Thursday, June 01, 2023

Heaven Official's Blessing Vol. 6 by Mò Xiāng Tóng Xiù: review

5/5 stars on Goodreads

Heaven Official's Blessing by Mo Xiang Tong Xiu

The story of Xie Lian, the trice-ascended god, and Hua Cheng, the king of ghosts, continues where it left in the previous volume. They’re in the ghost realm, striving to reach the volcano where the ghosts will battle over who will emerge as the ghost supreme. Their job is to prevent anyone from becoming one.

Their journey takes them inside a system of caves that turns out to be Hua Cheng’s old lair. There, finally, Xie Lian learns just how far in the past their connection reaches. Nan Feng and Fu Yao (now in their true forms) are determined to keep the two apart, but they only manage to make Xie Lian declare his feelings for Hua Cheng in one of the sweetest scenes of the series so far.

But opposing force is at work too. White No-Face, who Xie Lian fears more than anything, shows up. Despite all their efforts, he reaches the volcano, and the final battle commences. But the combatants aren’t who Xie Lian thought they would be.

The rest of the volume takes place in the past. We learn why Xie Lian fears White No-Face, and it’s a tragic and heartbreaking story. Xie Lian is on the run with his parents and attendants, the future gods Mu Qing and Feng Xin, after the fall of Xianle. Things are dire and Xie Lian becomes more and more disillusioned with people around him who he’s worked so hard to protect.

When Xie Lian is at his lowest point, White No-Face appears. It’s a story of mental manipulation and physical torture, and it works. Reader follows in disbelief as Xie Lian sheds his godhood to become an instrument of avenge.

But there are small things around him trying to make him see the good in the world. A compassionate human, and a persistent ghost determined to make him remember who he is. But White No-Face is too powerful, and they might be too late.

This was one of the best volumes so far with true tragedy and growth. And for once, it didnt end in the middle of a scene or at cliffhanger but with a new beginning for Xie Lian. But the present-day battle inside the volcano is yet to come. It’ll be an agony to wait for the next volume to be translated.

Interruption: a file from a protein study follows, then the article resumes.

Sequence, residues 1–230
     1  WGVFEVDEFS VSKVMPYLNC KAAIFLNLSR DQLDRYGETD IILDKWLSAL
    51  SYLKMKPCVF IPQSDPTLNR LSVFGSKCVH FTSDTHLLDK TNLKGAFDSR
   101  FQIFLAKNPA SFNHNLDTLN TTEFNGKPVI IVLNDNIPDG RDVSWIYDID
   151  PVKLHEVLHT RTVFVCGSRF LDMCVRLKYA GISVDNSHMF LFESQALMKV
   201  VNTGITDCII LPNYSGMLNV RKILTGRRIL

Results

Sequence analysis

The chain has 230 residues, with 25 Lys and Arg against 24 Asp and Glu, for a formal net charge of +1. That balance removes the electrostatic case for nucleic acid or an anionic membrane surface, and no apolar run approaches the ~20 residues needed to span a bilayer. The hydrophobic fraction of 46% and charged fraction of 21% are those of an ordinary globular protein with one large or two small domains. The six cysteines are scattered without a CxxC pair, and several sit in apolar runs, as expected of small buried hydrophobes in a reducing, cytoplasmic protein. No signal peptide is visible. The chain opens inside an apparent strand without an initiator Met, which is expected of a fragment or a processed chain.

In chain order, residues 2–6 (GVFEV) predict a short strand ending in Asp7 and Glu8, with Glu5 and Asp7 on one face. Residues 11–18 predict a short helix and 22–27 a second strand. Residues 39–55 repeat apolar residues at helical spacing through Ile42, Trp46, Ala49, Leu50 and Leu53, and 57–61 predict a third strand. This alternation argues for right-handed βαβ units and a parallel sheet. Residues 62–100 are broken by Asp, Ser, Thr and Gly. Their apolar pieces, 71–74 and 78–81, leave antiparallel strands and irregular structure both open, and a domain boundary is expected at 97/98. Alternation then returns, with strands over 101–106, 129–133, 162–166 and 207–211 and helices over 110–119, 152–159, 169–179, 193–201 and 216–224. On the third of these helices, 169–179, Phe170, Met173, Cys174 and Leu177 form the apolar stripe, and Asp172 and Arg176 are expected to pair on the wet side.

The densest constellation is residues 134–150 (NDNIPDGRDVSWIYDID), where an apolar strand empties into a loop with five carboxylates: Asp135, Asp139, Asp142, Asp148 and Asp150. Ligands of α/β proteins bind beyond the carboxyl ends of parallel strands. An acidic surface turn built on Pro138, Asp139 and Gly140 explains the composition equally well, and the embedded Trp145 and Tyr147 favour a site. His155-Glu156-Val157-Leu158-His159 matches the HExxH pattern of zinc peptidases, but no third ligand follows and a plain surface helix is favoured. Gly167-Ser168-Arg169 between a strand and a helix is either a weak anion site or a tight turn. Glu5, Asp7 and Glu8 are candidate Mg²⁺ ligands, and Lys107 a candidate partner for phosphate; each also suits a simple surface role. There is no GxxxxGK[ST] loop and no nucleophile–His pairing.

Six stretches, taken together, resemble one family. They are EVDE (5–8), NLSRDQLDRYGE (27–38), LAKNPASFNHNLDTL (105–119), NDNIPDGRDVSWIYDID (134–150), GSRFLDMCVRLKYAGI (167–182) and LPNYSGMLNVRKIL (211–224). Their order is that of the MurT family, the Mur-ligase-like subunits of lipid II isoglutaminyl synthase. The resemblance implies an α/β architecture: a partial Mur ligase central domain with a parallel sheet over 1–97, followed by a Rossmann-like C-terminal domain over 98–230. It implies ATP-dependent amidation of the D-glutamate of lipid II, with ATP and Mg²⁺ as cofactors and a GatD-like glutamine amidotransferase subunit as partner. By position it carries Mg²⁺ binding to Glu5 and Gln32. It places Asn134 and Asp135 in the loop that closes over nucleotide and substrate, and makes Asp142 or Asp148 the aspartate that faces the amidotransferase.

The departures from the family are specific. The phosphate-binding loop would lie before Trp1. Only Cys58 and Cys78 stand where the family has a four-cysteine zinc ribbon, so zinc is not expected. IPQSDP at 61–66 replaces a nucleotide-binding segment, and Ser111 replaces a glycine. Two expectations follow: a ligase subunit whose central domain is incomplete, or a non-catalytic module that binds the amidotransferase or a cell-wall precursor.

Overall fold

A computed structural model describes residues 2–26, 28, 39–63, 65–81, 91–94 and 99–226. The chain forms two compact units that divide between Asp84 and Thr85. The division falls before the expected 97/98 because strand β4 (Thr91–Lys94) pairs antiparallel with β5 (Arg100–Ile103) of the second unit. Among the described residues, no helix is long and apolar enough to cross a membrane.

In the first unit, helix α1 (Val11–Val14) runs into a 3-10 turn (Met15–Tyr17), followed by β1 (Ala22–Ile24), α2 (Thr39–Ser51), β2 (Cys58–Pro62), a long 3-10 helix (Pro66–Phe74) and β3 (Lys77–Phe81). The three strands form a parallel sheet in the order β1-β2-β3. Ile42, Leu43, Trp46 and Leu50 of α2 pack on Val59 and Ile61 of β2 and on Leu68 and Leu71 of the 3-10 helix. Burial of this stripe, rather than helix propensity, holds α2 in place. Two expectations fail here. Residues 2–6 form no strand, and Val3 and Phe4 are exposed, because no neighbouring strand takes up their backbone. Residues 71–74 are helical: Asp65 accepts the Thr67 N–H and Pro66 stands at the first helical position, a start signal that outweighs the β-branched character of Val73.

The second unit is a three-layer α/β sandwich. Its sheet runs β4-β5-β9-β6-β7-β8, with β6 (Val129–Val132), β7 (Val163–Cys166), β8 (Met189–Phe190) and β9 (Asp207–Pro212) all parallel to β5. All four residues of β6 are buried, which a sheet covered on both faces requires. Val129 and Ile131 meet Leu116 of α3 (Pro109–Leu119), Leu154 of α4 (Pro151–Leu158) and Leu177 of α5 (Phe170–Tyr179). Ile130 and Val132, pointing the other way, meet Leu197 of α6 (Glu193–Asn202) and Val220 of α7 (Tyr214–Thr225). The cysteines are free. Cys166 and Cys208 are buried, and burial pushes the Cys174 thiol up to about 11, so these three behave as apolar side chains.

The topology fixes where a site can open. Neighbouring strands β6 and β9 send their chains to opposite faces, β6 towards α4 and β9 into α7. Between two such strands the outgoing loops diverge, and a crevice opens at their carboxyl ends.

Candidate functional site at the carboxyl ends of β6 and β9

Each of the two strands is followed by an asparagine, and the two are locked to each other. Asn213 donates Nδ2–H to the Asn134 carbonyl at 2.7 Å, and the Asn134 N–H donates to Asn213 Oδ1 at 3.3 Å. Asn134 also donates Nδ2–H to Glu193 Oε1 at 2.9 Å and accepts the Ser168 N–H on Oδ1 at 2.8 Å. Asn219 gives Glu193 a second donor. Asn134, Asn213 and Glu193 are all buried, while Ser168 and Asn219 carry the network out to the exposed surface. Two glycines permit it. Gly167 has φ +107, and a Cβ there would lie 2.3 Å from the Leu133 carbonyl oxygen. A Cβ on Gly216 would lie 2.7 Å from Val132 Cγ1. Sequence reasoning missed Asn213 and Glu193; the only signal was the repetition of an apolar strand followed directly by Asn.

Tuesday, May 16, 2023

Maiden of the Needle, Vol. 1 by Zeroki: review

4/5 stars on Goodreads

Maiden of the Needle by Zeroki

Maiden of the Needle is a Japanese light novel. A Tokyo woman finds herself reincarnated as a baby in a world with fairies and magic, with all the memories of her previous life. Yui’s new family has the unique ability to weave magic into clothes, but when it turns out she doesn’t have the ability, the family treats her like a slave.

At fifteen, Yui is sold to a man who is hated by her family. But he turns out to be a nice person and under his care she thrives and she’s finally able to show how skilled she is both as a seamstress and as a wielder of magic. Fearing for her safety, he instantly betroths her to the former king who can protect her.

This was a typical transmigration novel. The world is non-Japanese and organized like a video game, which Yui soon realizes. There are also elements of hero tropes, with labyrinths and the final boss that needs to be defeated. The bad guys are truly evil and good people are purely good. And the heroine turns out to be unique in her abilities and the saviour of the realm.

The story was light but interesting, and not in any way unique. Like most books in this genre, the narrative relied heavily on telling and was a bit all over the place, though I’ve read worse. The entire backstory is given in the first chapter, with random infodumps at odd times. Most of the book is from Yui’s first-person point of view, with occasional third person POVs by other characters.

The first volume has no romantic plot. Yui is fifteen, which apparently isn’t too young to become engaged. Her fiancée is in his fifties, which would’ve been grosswas a bit grossbut he gives to understand that the marriage will be in name only. All the other potential romantic interests already have their partners.

Unlike most light novels I’ve read, the first volume doesn’t end in a cliffhanger. It does set the story for the next volume though, and it sounds interesting enough to continue reading.

I received a free copy from Edelweiss in exchange for an honest review.

Monday, May 15, 2023

Shanghai Immortal by A.Y. Chao: review

3/5 stars on Goodreads

Shanghai Immortal by A.Y. Chao

Shanghai Immortal is Asian fantasy set in 1930s Shanghai and its counterpart, Immortal Shanghai, where the demon king Big Wang rules over ghosts and demons. Lady Jing is his ward, a half-vampire, half-fox spirit with anger management issues. Her hundredth birthday is coming up and with that she’ll finally take her place in the council governing the otherworld. Only, she doesn’t want to.

Neither does her maternal grandmother, the queen of fox spirits. She failed to kill Jing when she was a child and she’ll do everything to stop Jing now. But Jing is onto her plot. If only she could make Big Wang believe her instead of being sent to the human Shanghai like a rebellious child, with a human man who owes Big Wang a favour.

This debut novel was a good try. A good try at fantasy, a good try at historical novel, and a good try at romance. None of it really worked though, and the result was a mishmash with a hasty feel and no proper plot.